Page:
Features: There is very little on this guitar on the internet, and I am least the third person to have owned this SG-2, so there is some information I may be missing. According to what little information I could find, the Yamaha SG-2 remained in production for a short time only, either from 1965 to 1966 or else only for the duration of 1966, later to be replaced with Yamaha's 3-pick-up surf guitar, the SG-3. The shape of the guitar resembles the melted-Strat look of the Fender Jaguar and Jazzmaster, but features "horns" that recall the Mustang. The SG-2 has a 22-fret short-scale neck and a rosewood fretboard; it also has the added convience of a zero-fret. This guitar was clearly meant to compete with Fender's Jaguar and Jazzmaster, and it features a circuit almost identical to that of the latter: Two single-coil pickups, one circuit toggle switch, a Gibson-style 3-way pickup-selector switch and one tone, one volume knob in the lead circuit, as well as two rollers in the rhythm circuit. The one notable difference is that rather than having one tone and one volume roller, each roller controls the tone of one pickup. This seems to me to be an odd decision on Yamaha's part, and I suspect it may be the product of tampering by a previous owner. The tremolo system is a copy of the Fender-style Jaguar/Jazzmaster floating tremolo; the roller bridge is also styled to resemble that of Fender's surf guitars. This is a wonderfully versatile guitar, and apart from the strange controls in the rhythm circuit, I have no complaints. // 9
Sound: For the most part, I play noisy indie/alternative rock along the lines of My Bloody Valentine, The Jesus and Mary Chain, Galaxie 500, etc... and this guitar is ideally suited for those sorts of tones. The SG-2's sounds closely resembles that of the Jaguar. It is thin and bright, even a little harsh, though the rhythm cicuit does deliver a warmer, smoother sound. I'll generally play with both pickups on, as it makes for a fuller, lusher sound. My one problem with this thing is that it's unbelievably noisy when overdriven or distorted, but I'll chalk that up to years of dust accumulating inside of it and to pickups that desperately need re-potting. While it does hiss even when it's clean, it's much more bearable. I currently play through a Fender Blues Deluxe. Through this amp, the SG-2 sounds much warmer than it did through others I've tried. All in all, I'm quite satisfied with the sound, though I may change the pickups for something fuller, if I can find anything that'll fit. // 7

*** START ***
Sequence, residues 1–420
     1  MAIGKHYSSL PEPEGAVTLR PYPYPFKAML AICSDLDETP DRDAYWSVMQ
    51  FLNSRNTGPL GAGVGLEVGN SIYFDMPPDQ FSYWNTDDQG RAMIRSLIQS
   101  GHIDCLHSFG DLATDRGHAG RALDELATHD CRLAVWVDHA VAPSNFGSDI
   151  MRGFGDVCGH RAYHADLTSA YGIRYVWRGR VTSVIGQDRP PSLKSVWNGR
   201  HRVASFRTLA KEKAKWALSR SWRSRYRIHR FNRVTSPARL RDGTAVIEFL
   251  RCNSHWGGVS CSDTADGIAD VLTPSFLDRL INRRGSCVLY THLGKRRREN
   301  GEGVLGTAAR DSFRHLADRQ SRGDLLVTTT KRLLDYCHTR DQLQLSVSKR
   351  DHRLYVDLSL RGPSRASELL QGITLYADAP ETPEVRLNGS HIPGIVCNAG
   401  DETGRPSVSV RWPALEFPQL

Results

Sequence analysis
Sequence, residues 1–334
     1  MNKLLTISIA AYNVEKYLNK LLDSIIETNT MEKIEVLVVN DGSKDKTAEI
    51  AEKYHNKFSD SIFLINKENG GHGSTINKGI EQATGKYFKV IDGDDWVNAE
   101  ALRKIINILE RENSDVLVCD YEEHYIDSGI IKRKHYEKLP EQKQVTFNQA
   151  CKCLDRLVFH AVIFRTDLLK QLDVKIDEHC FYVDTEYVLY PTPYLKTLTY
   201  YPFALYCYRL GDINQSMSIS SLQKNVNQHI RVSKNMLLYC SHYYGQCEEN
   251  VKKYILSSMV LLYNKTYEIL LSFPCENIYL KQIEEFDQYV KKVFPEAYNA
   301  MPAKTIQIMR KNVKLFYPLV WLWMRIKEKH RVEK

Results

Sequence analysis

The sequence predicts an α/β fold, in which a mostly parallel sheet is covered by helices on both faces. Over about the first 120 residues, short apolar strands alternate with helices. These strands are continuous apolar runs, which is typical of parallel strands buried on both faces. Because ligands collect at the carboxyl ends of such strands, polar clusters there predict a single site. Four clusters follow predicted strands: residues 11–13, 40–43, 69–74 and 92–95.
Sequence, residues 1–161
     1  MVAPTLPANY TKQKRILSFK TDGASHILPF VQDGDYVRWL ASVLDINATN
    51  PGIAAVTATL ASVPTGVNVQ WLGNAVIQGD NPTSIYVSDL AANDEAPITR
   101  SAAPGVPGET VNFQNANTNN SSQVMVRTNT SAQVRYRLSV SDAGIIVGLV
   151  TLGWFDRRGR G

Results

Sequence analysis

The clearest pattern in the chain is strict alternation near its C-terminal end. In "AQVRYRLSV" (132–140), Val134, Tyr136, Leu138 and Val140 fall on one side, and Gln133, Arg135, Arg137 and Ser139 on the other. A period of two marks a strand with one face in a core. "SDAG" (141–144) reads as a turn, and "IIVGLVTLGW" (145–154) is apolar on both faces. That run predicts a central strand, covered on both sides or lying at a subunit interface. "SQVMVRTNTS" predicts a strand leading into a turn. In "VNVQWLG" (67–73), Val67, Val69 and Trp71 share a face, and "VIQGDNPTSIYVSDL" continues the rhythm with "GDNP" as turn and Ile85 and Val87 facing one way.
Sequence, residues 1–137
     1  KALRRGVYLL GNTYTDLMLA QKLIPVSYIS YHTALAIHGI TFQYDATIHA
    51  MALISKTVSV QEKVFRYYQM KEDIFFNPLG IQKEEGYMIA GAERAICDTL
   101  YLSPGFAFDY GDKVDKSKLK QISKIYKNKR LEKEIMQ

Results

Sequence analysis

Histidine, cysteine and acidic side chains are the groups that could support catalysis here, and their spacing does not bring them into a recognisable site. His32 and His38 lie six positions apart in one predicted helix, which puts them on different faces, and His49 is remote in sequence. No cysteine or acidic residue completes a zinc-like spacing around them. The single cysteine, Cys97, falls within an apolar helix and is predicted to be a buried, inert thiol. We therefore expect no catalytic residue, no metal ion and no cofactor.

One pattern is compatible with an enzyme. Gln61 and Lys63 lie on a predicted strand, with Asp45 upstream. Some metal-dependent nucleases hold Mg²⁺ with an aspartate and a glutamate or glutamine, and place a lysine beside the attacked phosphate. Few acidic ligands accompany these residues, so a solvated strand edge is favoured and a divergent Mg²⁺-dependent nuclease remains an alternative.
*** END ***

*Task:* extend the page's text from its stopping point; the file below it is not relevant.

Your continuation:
Action, Fit & Finish: When I recieved this thing, it was already a relic (approximately 45 years old!), and it sure looked the part. The neck was scratched and dry, the strings were rusted, the volume pot wasn't properly grounded, the tone knob was non-functional, the tremolo arm was useless due to a missing lock-nut, and the tuning pegs were completely shot. I've had all the controls repaired and the missing part of the tremolo arm was replaced. I also raised the pickups; it seems the previous owner had lowered them unnecessarily close to the body which gave the sound a very anemic quality. While the guitar was in bad shape (and still is; I have yet to pot the pickups and replace the tuning peds), the workmanship is flawless. Yamaha made some really good quitars in the 60's, and this is a perfect example of their guitar-building skill. The fret job is the smoothest I've ever seen. One common complaint about the Jazzmaster is that the tremolo arm makes it difficult to keep it in tune. The SG-2, on the other hand, stays in tune even after hours of heavy bending. I have no doubt that, once fully repaired and adjusted, this guitar will be far superior to a stock Fender Jazzmaster or Jaguar. // 10
Reliability & Durability: This guitar has withstood eleven years of being poorly handled in a very dry home and recieved no care over that period of time, and with just a little bit of work, it already plays like a dream.
I have to admit that age has taken its toll on this guitar, though. The nut fell off the neck the very day it came into my possession, the body is riddled with scratches and pockmarks, and some of the screws are on the verge of popping out of the body. The strap buttons seem fairly firm, but due to the neck button's placement (behind the neck, Gibson-style), I'll definitely get straplocks before gigging with it. // 7
Impression: Almost all of my favourite guitarists play Fender Jaguars and Jazzmasters, and this is capable of naily both the abrasive, trebly rasp of bands like A Place to Bury Strangers and the warm Chapterhouse. I also own a Fender Jaguar Special which I use for the distorted tones that the SG-2 simply cannot achieve comfortably. One problem with this guitar is that it has a thin neck similar in feel to that of the Fender Stratocaster's, and that because of the size of my hands, this makes it very difficult to play barre chords. This is, however, a very minor flaw to me, as I very rarely make use of barre chords anyway. The tremolo arm is immensely superior to that of the Fender Jazzmaster & Jaguar; it stays in tune much more easily and is capable of much more radical bends (up to three half-steps!). The short scale means that it's much easier for my usually sluggish hands to accomplish much more complex riffing. I do really wish that the rhythm circuit featured some sort of volume control, and will probably look into installing one in the months to come. All in all, it is a great alternative to the rather expensive Jaguar which, in addition to being unique and looking great, is superior to the original in many ways. // 8